Nigeria: Corruption and Conflict in the Niger Delta

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The Senate’s inquiry into corruption within the Niger Delta Development Commission (NDDC) expresses the Nigerian government’s historical paradigm of structural corruption. It represents, beyond domestic fiscal considerations, a broad, credible threat to the legitimacy of governance, the corollaries of which are environmental insecurity and regional instability.

The Nigerian Senate has announced an official inquiry into the Niger Delta Development Commission’s (NDDC) Interim Management Committee.  The mandate of the probe regards the investigation into the alleged fraudulent spending of N40 billion from January to March of 2020.  The divers’ consequences of corruption and political chicanery within the NDDC are significant and multifaceted. There are corollaries of criminality within the commission. These include increased environmental insecurity in the Niger Delta and political instability that eventuates in militancy. The historical precedent of militants employing tactical insurgency throughout the littoral states of the delta in response to ecological degradation and gross developmental mismanagement represents substantial political, economic, and reputational risks.

Background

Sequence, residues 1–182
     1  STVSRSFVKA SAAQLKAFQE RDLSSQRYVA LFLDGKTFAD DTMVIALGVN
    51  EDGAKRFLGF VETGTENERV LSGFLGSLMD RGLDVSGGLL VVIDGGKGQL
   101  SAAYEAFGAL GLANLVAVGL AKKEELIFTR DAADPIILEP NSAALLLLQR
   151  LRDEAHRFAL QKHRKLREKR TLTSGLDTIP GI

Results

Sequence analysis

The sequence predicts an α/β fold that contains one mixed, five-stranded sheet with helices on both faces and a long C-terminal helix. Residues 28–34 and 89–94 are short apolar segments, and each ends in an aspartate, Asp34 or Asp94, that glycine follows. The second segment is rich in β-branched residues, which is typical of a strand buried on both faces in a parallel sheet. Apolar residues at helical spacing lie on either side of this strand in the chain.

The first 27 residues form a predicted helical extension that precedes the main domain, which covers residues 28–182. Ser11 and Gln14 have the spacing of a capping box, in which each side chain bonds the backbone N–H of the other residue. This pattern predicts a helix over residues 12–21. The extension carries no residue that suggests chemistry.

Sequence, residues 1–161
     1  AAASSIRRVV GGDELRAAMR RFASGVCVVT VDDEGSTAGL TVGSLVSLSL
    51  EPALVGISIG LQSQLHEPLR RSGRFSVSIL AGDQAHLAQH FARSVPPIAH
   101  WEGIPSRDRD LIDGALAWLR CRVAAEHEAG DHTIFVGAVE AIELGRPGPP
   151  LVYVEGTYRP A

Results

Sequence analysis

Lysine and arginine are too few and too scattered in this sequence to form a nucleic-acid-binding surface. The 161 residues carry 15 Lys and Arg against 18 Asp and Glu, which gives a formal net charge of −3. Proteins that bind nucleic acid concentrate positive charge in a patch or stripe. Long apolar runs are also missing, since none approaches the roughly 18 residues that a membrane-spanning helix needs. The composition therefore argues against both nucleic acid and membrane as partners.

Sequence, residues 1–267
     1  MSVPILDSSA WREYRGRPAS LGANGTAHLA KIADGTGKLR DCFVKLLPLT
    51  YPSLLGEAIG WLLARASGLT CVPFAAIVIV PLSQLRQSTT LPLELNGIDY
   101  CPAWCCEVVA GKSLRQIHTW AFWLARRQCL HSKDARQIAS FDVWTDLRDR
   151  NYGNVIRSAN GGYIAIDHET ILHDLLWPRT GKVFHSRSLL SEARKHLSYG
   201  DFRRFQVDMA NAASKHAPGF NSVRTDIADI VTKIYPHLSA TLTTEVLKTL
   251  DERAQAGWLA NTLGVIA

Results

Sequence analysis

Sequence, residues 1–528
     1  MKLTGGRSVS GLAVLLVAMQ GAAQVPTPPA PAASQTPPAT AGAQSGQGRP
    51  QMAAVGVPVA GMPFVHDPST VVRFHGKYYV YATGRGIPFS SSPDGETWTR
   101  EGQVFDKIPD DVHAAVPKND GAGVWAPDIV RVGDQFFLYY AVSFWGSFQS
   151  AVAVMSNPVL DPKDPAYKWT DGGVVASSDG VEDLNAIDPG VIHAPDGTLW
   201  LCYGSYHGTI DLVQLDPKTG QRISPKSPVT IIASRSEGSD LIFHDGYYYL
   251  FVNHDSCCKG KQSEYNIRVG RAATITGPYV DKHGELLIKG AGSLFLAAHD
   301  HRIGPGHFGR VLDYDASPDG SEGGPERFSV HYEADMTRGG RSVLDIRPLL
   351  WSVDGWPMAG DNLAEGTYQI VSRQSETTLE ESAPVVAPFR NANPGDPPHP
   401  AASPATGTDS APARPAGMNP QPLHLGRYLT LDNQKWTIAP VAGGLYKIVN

The Niger Delta Development Commission (NDDC) was established in 2000 to promote and facilitate sustainable development within the region.  The broad remit includes both policy prescription and implementation. Operationally, the NDDC was designed to function at the nexus of economic, social and ecological development. The objectives have, historically, been compromised by mismanagement and corruption.  Whether the current inquiry into the NDDC can rectify these historical deficiencies is, presently, unknown.     

Environmental Insecurity

The importance of sustainable development within the delta region cannot be overstated. The ecological future of the Niger Delta will be determined, to a significant extent, by the competing interests of regional governments, elites, and private oil companies. The mandate of the NDDC is to facilitate sustainable development while fostering local ecological regeneration and political amity between the myriad interested parties. This, mainly includes the federal government and the delta’s formidable militant organisations. 

Therefore, though theoretically sound, in practice the NDDC’s mandate is persistently deficient. The Niger Delta, historically, through successive incarnations of governmental mismanagement and graft, absorbs unsustainable proportions of ecological degradation. The environmental disequilibrium inherent to natural resource extraction, specifically the production and transportation of oil, causes problems. It jeopardises both the collective economy of the delta states and the continued viability of sustainable subsistence for individual households.

Resource Capture in Niger Delta

The consequences of resource capture, defined, briefly, as a structural deficiency through which regional elites and kleptocratic government officials secure the majority of resources and the subsequent revenue generated, are varied and significant.  In the short term, development is arrested due to inequitable distribution of resources, opportunity and income. The long term corollaries of resource capture include regional violence and diminishing foreign investment.